and perhaps they are not the most captivating of these passages. It is the
ability to participate in this conversation, and not the ability to reason
cogently, to make discoveries about the world, or to contrive a better
world, which distinguishes the human being from the animal and the civilised
man from the barbarian."

Conversation as adventure, as pure research, with no guarantees, "simply a
spontaneous, unpredictable encounter between two or more human agents". An
open channel, which we keep open by exercising it, perhaps define by a
certain subject area and discipline of talking but otherwise leave
undetermined. "Paradoxically", Mount says, "it is this spontaneity which
makes genuine progress possible, while a deliberately 'progressive' spirit
can be a deadening force." I think (as always) of Eliot's Four Quartets, in
this case particularly of the line from East Coker, "For us, there is only
the trying. The rest is not our business."

Why all this? you may be wondering. Two reasons.

The first reason, and primary justification for your editor going on at such
length, is the omphalosceptic return to the basic intellectual design of
Humanist, which was (not surprisingly) not at all the purpose for which our
electronic seminar was originally launched. (O phoenix culprit! as Joyce
said.) Originally it had a quite definite purpose, a few of us older members
will recall -- to reform the world, of course. Well, our corner of it,
specifically our exclusion from the High Table of tenured appointments. When
we realised how impossible such a reformation was, at least in the
short-term, we gave it up and decided simply to talk about whatever came
into our heads to talk about, so long as it fell loosely within the generous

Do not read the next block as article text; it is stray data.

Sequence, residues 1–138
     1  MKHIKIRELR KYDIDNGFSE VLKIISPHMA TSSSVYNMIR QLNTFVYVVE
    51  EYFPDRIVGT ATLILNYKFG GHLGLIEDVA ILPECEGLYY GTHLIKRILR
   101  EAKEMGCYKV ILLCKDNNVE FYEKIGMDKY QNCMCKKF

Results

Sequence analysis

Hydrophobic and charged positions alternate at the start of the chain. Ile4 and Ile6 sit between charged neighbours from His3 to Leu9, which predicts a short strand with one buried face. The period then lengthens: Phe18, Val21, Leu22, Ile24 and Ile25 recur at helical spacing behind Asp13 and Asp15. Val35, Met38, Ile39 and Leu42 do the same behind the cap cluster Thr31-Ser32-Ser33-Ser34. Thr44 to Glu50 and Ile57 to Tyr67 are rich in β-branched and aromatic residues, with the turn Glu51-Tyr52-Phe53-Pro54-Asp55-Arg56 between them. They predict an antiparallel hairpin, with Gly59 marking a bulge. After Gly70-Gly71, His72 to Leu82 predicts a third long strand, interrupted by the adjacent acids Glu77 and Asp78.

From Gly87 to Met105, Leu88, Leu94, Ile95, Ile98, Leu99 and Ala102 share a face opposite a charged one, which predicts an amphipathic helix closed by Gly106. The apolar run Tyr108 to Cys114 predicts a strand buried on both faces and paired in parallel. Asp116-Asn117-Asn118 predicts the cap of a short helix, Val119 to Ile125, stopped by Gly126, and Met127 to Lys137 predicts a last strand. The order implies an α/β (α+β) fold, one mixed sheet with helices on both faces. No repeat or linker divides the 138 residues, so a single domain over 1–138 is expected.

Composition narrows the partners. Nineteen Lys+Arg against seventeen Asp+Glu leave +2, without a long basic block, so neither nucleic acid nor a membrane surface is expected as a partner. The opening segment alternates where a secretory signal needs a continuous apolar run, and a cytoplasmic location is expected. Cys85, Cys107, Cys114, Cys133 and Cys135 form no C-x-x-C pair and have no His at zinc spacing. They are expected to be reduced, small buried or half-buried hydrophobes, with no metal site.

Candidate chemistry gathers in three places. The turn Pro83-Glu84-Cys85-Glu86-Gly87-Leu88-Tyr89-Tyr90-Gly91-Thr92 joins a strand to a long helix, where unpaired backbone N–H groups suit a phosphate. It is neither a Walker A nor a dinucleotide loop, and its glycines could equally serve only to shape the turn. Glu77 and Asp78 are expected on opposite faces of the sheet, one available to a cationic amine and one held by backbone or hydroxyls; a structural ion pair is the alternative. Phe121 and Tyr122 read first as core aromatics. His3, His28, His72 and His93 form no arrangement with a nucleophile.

bounds of whatever humanities computing might turn out to be. To the extent
Humanist has succeeded, it has done so by being an open channel without a
programme. And perhaps (as I think) we've discovered what humanities
computing is in the process.

The second reason is private; I mention it in order to bring home the value
of what we do here and in many other such forums but seldom notice, because
our intentional minds are elsewhere. My experience (here offered
Miltonically, sub specie aeternitatis) is of the most intense e-mail
conversation over the last months. This conversation has demonstrated to me
over and over again how wise it is not to plan what one is going to say,
when in an important sense one's life depends on it, rather to attend to
one's openness of mind and then discover by talking what must be said and
how to say it. It is, as I've said before, like love, involving great risks
but offering incalculably greater rewards. It's those risks, perhaps, that
provoke the various kinds of avoidance behaviour that makes talk seem cheap.
But to paraphrase the last chapter of Frank McCourt's marvellous tale of his
Irish childhood, Angela's Ashes, 'Tisn't.

Comments welcome :-).

- - - - - - - - - - - - - - - - - - - - - - - - - - - - - -
Dr. Willard McCarty, Senior Lecturer, King's College London
voice: +44 (0)171 873 2784 fax: +44 (0)171 873 5081
<Willard.McCarty@kcl.ac.uk> <http://ilex.cc.kcl.ac.uk/wlm/>
maui gratia

Humanist Discussion Group
Information at <http://www.kcl.ac.uk/humanities/cch/humanist/>